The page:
Rock Mechanical Testing and Petrologic Analysis in Support of Well Stimulation Activities at the Desert Peak Geothermal Field, Nevada


Sue Juch Lutz, Steve Hickman, Nick Davatzes, Ezra Zemach, Peter Drakos, and Ann Robertson-Tait

Key Words:

Rock mechanics, petrology, stress-strain, triaxial compression tests, Young's moduli, Coulomb failure, shear dilation

Geo Location:

Desert Peak, Nevada


Stanford Geothermal Workshop







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In preparation for well stimulation activities and the development of an enhanced geothermal system (EGS) in the Desert Peak geothermal field, a series of petrologic and rock mechanical tests were conducted on selected core samples to represent the proposed stimulation interval within Well 27-15. The stimulation interval (3000-3500 ft; 930-1085 m) consists of Tertiary rhyolite tuffs that overlie metamorphic basement rocks consisting of siliceous argillite and other fractured metasedimentary rocks. Petrographic and X-ray diffraction mineralogic analyses indicate that the rhyolitic rocks are variably devitrified, argillaceous, and siliceous; and host minor amounts of quartz-dolomite-calcite veins in siliceous units along the basement contact. Hydrothermal clays are dominated by expandable smectite-rich mixed-layer illite-smectite.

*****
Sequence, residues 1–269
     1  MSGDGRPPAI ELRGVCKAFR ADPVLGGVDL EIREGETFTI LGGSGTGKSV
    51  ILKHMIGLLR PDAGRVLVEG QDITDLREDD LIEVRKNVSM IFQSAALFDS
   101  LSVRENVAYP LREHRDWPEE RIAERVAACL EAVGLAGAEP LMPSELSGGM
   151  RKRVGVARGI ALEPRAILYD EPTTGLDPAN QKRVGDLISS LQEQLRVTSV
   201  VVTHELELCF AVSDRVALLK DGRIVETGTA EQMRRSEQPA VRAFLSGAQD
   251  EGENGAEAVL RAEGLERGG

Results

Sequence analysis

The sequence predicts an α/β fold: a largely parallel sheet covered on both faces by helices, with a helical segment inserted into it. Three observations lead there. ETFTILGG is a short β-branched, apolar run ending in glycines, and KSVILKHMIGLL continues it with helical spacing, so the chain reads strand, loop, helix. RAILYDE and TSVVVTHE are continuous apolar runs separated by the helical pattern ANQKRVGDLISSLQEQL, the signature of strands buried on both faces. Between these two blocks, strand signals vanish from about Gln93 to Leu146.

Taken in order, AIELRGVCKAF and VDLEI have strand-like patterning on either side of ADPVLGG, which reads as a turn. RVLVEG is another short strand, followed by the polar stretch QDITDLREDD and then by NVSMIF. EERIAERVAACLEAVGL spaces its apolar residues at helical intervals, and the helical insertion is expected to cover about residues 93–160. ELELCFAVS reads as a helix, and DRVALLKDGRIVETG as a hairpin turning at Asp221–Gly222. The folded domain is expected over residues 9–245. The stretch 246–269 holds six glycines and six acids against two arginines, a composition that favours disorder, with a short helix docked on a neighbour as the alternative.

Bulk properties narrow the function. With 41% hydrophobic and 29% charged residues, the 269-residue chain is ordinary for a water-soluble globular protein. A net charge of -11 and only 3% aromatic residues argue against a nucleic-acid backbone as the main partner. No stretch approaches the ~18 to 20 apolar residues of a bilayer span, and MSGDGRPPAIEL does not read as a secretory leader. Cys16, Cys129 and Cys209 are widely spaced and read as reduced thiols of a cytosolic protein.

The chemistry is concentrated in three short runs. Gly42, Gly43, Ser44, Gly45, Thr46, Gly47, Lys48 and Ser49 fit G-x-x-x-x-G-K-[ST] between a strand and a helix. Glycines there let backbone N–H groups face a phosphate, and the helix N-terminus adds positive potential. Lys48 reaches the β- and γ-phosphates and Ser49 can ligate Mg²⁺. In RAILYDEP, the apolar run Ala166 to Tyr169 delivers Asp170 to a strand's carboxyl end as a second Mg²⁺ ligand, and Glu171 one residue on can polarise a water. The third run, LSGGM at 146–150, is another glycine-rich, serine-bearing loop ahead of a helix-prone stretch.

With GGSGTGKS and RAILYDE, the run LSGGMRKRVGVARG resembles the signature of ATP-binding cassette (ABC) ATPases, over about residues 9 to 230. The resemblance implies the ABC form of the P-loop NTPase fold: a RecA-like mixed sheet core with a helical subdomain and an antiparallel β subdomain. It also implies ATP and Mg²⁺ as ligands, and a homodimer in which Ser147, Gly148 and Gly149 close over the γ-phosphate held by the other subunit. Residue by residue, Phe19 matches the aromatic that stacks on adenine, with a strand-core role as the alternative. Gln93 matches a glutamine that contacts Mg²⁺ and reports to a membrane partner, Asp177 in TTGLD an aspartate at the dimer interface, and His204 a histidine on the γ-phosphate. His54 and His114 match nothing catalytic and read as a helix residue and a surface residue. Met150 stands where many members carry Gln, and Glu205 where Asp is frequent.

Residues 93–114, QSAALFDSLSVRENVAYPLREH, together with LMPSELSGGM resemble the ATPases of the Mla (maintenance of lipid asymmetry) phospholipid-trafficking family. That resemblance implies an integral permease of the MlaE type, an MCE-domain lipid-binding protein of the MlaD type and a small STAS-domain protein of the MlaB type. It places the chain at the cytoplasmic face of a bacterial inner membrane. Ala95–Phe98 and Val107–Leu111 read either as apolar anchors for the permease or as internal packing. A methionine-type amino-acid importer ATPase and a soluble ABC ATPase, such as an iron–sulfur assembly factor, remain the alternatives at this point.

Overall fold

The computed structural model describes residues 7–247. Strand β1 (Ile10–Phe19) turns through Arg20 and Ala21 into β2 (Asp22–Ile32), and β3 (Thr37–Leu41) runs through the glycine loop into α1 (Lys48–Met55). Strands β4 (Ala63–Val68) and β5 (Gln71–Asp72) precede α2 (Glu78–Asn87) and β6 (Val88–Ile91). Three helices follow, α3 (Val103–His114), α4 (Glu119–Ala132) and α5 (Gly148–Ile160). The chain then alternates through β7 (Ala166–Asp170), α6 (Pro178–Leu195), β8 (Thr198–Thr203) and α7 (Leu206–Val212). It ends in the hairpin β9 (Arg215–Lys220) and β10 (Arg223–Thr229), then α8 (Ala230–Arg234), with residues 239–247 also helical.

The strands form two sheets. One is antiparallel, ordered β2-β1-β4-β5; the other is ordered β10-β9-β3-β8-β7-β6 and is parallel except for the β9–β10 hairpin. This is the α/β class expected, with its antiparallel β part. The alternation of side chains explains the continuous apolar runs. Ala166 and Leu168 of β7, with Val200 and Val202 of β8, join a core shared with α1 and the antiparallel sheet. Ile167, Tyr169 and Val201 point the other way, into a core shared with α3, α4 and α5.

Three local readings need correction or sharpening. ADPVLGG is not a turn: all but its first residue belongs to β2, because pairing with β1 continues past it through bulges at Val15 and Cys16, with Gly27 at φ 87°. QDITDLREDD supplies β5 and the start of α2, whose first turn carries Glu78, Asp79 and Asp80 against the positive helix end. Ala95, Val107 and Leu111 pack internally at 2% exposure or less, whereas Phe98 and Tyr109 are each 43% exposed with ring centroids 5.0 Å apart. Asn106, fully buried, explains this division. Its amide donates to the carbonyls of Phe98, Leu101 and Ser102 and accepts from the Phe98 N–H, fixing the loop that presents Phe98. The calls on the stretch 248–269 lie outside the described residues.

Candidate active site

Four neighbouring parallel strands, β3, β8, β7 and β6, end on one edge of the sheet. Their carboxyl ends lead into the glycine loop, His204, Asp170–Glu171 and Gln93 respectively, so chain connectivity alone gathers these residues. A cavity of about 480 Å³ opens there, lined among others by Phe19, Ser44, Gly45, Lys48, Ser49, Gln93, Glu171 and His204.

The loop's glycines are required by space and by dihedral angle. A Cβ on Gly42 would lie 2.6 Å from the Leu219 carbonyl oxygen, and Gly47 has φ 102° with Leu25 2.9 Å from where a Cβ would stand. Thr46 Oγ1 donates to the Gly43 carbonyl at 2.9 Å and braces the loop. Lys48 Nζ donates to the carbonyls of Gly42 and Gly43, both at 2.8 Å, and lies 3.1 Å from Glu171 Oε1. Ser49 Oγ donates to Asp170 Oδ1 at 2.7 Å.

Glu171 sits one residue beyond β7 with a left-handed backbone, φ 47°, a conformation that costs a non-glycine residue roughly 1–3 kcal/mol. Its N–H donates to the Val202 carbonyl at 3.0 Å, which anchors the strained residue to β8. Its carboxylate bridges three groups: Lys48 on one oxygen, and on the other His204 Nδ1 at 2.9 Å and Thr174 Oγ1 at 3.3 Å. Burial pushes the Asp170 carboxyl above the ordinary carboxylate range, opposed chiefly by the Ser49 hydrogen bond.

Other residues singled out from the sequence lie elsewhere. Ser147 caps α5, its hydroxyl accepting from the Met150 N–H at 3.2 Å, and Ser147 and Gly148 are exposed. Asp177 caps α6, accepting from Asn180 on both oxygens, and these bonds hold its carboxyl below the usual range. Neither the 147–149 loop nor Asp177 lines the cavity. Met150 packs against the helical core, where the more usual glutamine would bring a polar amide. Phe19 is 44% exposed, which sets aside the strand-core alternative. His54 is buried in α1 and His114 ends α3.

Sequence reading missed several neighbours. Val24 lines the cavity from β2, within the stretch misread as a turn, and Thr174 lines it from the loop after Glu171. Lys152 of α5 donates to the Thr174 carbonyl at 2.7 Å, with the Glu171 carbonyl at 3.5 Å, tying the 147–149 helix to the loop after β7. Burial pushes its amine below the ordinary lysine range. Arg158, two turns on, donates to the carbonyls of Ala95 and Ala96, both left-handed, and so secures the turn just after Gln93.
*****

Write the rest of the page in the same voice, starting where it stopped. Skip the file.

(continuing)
Deeper in the metamorphic basement, young fractures are only partially mineralized with dolomite, siderite, calcite, and barite. The latter represent lightly permeable open fractures identified by a suite of acoustic and electrical image logs and and pressure-temperature-spinner flowmeter surveys collected in this interval of the well. Hydraulic stimulation of the well is intended to enhance formation permeability through self-propping shear failure along the most optimally oriented and critically stressed of these fractures.

Rock mechanical testing was conducted on the core samples to determine mechanical properties of the various lithologies including: radial versus axial volumetric strain, stress-strain relationships, dynamic versus static Young’s moduli, and frictional strengths and failure responses under a variety of confining conditions. The results of the laboratory tests were
used to construct Mohr-Coulomb failure envelopes for the proposed reservoir rocks. Pre- and post- test

measurements on the deformed core plugs indicate up to a 20-fold enhancement in permeability in the originally tight rhyolite units as a result of shearing. Assuming that failure occurs on the same structural features in the well as in the core, these laboratory studies directly test the shear dilation concept in these clay-rich rocks, and are being used in combination with borehole stress measurements and fracture logging to predict fluid pressures required for initiation of shear dilation and permeability development within the geothermal reservoir.

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